Of course it sports all the upgraded elements that we spoke about with regard to the 2950X - Precision Boost 2, XFR2, DDR4 2933 support - and whilst this processor might be new, it is basically two 2950Xs stuck together. It should be obviously brilliant given the love we have just shown for the 2950X, but the reality is somewhat murkier than that, albeit not in manner that is anything to do with AMD themselves or decisions they've made.
Naturally the headline feature, the part that it is very difficult to look past, is the 32 cores. For those of us to whom a six core CPU is still an in-my-dreams extravagance having 32 of them and 64 threads brings a quickening of the heart rate it is impossible to ignore. Not that long ago you had to purchase a dual-CPU motherboard and a couple of "this or a Bugatti" priced Xeons to achieve anything close to that. If you live in a world where speedy 3D rendering, 4K video encoding or solving chess is something that forms the greater part of your day then the Threadripper 2990WX makes for a supremely attractive prospect. Who could say no to 4 GHz on 64 threads?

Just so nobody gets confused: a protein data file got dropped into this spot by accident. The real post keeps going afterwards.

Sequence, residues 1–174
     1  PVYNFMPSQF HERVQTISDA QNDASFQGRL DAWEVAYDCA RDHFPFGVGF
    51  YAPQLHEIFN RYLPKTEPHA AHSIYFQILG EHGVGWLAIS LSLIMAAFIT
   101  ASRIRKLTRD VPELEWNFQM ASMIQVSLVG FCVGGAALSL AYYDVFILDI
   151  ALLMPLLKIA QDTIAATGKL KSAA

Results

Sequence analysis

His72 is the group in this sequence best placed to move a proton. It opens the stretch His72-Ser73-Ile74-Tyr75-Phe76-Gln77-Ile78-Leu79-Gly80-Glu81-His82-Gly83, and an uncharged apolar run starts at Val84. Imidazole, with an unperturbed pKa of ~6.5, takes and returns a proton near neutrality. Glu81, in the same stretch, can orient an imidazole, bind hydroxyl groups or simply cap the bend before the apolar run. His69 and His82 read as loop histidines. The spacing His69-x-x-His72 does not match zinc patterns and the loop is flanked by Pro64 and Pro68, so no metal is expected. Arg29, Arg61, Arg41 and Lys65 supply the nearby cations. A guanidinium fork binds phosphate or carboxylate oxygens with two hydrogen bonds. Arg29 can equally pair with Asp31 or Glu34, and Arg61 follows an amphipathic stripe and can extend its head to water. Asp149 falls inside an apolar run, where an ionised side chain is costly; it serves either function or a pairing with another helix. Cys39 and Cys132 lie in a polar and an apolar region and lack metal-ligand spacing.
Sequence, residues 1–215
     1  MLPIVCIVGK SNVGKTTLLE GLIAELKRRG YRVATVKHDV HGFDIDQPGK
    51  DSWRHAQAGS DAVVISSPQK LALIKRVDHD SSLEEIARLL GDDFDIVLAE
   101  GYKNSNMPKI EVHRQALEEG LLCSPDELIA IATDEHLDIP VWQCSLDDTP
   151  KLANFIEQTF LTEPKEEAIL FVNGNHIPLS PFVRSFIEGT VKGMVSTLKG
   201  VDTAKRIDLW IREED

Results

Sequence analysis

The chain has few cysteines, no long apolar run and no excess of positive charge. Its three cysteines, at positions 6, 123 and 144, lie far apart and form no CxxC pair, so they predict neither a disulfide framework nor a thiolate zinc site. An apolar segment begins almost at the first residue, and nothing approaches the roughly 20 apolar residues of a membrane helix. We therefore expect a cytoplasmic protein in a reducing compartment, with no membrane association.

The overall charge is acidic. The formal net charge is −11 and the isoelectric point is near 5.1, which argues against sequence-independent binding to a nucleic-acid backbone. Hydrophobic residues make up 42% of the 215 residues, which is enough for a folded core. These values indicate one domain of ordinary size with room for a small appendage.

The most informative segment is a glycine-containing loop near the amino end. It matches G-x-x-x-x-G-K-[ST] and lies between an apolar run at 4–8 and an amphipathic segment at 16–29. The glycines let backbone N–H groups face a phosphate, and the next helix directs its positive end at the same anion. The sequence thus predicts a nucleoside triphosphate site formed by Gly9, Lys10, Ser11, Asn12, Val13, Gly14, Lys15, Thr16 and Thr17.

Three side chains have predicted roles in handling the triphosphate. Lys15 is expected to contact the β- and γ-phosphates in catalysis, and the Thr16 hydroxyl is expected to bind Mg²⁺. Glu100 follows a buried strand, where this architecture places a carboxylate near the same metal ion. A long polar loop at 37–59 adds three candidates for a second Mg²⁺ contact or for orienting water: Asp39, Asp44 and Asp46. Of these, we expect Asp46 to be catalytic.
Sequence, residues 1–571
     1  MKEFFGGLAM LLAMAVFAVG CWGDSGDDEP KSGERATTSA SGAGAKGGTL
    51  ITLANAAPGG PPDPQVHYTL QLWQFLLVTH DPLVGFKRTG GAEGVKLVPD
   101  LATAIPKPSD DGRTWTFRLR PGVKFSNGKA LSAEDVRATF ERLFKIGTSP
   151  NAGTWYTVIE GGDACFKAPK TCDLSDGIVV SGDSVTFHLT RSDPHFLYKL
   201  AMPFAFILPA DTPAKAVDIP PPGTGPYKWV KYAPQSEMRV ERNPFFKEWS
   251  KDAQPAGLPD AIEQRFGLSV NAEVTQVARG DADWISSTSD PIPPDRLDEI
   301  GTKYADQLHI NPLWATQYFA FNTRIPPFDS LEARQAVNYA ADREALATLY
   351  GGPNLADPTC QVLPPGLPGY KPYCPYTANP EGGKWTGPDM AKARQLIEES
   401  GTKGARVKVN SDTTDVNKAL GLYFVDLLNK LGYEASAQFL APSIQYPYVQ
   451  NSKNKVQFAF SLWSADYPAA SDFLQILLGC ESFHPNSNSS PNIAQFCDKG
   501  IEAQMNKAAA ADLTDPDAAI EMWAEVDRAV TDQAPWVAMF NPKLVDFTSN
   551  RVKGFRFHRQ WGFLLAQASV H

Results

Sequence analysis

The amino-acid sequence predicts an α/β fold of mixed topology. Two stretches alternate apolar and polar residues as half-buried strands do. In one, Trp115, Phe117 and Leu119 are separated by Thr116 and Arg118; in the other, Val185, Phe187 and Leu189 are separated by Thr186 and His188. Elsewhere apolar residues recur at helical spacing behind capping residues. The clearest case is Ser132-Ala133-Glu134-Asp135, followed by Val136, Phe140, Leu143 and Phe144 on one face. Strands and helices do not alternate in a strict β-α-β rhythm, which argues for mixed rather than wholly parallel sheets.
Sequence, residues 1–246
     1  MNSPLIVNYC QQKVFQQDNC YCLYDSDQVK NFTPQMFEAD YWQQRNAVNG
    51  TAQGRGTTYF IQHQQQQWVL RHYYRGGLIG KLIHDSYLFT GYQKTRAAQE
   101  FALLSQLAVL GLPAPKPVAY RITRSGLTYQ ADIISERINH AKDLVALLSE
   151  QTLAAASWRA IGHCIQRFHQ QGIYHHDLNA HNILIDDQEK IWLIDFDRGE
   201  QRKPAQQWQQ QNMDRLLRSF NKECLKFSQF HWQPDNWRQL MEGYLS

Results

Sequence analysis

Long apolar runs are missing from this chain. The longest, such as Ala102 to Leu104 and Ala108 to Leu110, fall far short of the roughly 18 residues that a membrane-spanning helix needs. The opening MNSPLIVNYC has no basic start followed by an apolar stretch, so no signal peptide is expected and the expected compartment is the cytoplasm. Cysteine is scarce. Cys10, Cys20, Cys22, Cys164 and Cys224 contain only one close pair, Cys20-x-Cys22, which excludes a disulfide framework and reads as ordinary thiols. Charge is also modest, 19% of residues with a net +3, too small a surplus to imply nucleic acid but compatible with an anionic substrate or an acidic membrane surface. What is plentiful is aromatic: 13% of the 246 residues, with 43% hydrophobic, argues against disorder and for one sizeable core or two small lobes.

If, however, you use your system more as a general purpose utility, doing this or that however your whim takes you, then there are a few elements to the 2990WX that make it a more difficult proposition to wholeheartedly recommend. Firstly, not everything - in fact a great number of things - aren't designed to take advantage of such a huge number of cores and threads. Whether this is a side effect of the design scheme where only two of the 8 core dies can access the PCI Express lanes or memory, and the other two rely on talking to those two to get anything done, is a matter for conjecture. Looking through our testing you can see a few tests where you might have expected the 2990WX to shine but it didn't. Obviously there are some - Cinebench for example - where it absolutely smashes the graph to tiny pieces. But others are less impressive. Yes there are 32 cores, but something like PC Mark which is heavily based upon letter writing and internet browsing shows that 32 cores is about 28 too many for such tasks.